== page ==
Strength and Honor

"This is what the Lord says, "Let not the wise man boast in his wisdom or the strong man boast in his strength..." --Jeremiah 9:23

With so much on my mind yesterday, I walked into my physical therapy session. Progress is slow. Parents need prayer. PrayFit at a crossroads. Swirling and swirling inside my little pea brain. After my daily evaluation, one of the therapists asked that I follow them to the other side of the center. We walked through the machines, the cable stations, and then we finally reached the free weights -- first time in a weight room in close to two years and sentimental me had to pause.

As I looked at the corner of heavy dumbbells, I immediately thought of the movie Gladiator. Remember the scene?

Maximus is about to fight the final battle. As he walked by, his men stood to salute and pay honor. So, I took a deep breath and began to walk. "Weary from battle," I limped through the dumbbell area, and I could faintly hear the iron whispering, "General", "Sir", "Strength and Honor." (Go ahead and humor me by smiling.)

As the therapist and tech worked me through my required stretching, I told them that I used to lift a lot of weight -- even wrote an article (or two) about it. While I laid on my back, they manipulated my legs about me, and I found myself looking up at the ceiling, recounting my personal records -- what I used to bench press and squat. Ah, the glory days. Then in an almost doubtful tone, the young tech said, "Oh yeah? Pretty good." I couldn't help but grin. Then the Holy Spirit spoke, "Tell him what (Who) you really lift." So I did.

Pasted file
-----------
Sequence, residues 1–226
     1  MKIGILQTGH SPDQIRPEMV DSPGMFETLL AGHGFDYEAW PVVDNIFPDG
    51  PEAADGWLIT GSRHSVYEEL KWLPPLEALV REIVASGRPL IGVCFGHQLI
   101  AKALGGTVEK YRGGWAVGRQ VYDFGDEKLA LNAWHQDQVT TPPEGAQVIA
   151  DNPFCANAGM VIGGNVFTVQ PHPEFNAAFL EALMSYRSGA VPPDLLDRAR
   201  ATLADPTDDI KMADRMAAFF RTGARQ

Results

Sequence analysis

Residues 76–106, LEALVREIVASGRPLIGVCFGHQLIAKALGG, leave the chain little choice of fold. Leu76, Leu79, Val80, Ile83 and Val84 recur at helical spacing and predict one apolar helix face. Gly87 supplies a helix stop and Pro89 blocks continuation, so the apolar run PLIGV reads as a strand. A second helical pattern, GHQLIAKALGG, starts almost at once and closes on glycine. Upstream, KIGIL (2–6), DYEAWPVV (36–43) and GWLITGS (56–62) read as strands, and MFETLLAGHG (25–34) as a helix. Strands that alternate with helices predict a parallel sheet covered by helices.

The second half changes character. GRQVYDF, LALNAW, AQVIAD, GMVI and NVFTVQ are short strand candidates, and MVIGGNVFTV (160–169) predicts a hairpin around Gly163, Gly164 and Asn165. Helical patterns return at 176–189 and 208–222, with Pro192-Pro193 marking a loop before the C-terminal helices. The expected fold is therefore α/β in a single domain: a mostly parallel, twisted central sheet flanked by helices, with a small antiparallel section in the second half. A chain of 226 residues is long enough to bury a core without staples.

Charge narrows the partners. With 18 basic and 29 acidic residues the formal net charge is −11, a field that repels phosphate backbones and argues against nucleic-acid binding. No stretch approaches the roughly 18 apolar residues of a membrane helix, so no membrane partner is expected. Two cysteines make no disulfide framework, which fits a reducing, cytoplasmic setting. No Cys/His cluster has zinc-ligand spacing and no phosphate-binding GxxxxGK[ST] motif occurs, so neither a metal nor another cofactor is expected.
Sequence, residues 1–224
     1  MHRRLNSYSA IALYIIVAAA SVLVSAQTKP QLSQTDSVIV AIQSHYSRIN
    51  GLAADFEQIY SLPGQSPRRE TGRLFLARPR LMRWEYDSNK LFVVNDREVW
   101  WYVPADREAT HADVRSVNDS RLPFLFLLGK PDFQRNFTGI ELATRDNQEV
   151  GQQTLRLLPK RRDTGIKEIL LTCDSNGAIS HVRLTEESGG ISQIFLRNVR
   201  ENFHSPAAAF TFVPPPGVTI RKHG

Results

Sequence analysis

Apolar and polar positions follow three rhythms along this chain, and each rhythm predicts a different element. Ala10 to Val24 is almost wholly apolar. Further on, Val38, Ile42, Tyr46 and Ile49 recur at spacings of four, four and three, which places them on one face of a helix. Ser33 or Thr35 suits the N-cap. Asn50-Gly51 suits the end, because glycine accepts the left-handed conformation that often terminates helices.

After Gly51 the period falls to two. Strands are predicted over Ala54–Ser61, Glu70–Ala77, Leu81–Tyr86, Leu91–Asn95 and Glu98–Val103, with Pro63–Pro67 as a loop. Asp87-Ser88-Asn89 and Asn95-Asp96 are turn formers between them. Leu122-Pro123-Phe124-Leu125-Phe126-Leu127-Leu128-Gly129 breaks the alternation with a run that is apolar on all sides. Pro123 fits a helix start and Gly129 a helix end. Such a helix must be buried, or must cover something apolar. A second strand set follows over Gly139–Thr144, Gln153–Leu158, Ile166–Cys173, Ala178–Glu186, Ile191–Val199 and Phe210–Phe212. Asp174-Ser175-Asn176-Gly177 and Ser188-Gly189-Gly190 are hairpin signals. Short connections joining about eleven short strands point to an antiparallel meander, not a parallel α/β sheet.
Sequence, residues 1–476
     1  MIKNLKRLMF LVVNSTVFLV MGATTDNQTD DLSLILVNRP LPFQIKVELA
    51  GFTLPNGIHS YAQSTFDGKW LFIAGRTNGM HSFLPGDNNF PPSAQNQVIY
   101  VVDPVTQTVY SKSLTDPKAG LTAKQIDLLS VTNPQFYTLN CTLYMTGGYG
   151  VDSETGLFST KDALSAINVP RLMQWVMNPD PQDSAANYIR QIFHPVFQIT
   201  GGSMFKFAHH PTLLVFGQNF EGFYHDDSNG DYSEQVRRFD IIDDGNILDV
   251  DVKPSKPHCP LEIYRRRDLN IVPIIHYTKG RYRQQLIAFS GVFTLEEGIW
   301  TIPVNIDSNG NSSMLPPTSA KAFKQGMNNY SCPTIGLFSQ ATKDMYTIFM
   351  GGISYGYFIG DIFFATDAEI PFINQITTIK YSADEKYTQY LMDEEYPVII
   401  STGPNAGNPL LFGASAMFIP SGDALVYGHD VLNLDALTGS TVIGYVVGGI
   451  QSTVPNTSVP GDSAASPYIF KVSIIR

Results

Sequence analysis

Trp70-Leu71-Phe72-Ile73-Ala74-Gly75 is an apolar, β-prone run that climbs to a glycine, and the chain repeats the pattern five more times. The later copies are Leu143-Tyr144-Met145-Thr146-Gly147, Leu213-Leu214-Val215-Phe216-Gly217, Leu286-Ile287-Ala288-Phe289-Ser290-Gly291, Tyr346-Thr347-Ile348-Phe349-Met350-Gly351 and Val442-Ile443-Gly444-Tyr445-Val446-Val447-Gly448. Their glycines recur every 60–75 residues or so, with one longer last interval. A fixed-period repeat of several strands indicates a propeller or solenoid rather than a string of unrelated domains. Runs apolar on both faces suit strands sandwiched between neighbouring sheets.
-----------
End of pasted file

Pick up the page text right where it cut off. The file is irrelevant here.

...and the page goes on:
Jimmy, circa 1990, with 315 pounds on the reverse-grip bench press.

"It's amazing how the Lord used those old lifting days, and still does," I began. "Today I spend my time describing the weight of God's mercy, and how it crashes down on us. These days, I try and teach others to do more with their health than just be healthy. And of all the things this body should remind us of, our frailty is one of them. All that weight merely helped me realize my smallness. Truth is, our dependence on grace is really our greatest strength."

He looked at me and nodded. I asked him to check out PrayFit.

Oh my friends, although I'm struggling to tie my shoes from a seated position (which I did for the first time yesterday, say "Amen"), I'm grateful for the weight I used to lift -- it helps me remember the weight that only HE can. And yes, as I left the weight room to go back to my therapy station, I couldn't help myself. I turned to that heavy corner, paused and said with a grin..."Strength and honor."

--Jimmy Peña

For Discussion: What does your health help you realize? How can our grasp of our weakness help us get closer to the Lord? Aren't you glad we don't have to lift the really heavy things of life?

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